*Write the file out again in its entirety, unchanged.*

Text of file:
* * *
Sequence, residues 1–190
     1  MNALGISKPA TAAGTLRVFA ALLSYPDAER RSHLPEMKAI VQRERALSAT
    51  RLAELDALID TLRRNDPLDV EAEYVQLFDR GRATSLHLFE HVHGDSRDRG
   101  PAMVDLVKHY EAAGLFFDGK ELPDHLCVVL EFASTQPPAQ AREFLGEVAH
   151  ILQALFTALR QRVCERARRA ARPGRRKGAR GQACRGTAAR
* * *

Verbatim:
Sequence, residues 1–190
     1  MNALGISKPA TAAGTLRVFA ALLSYPDAER RSHLPEMKAI VQRERALSAT
    51  RLAELDALID TLRRNDPLDV EAEYVQLFDR GRATSLHLFE HVHGDSRDRG
   101  PAMVDLVKHY EAAGLFFDGK ELPDHLCVVL EFASTQPPAQ AREFLGEVAH
   151  ILQALFTALR QRVCERARRA ARPGRRKGAR GQACRGTAAR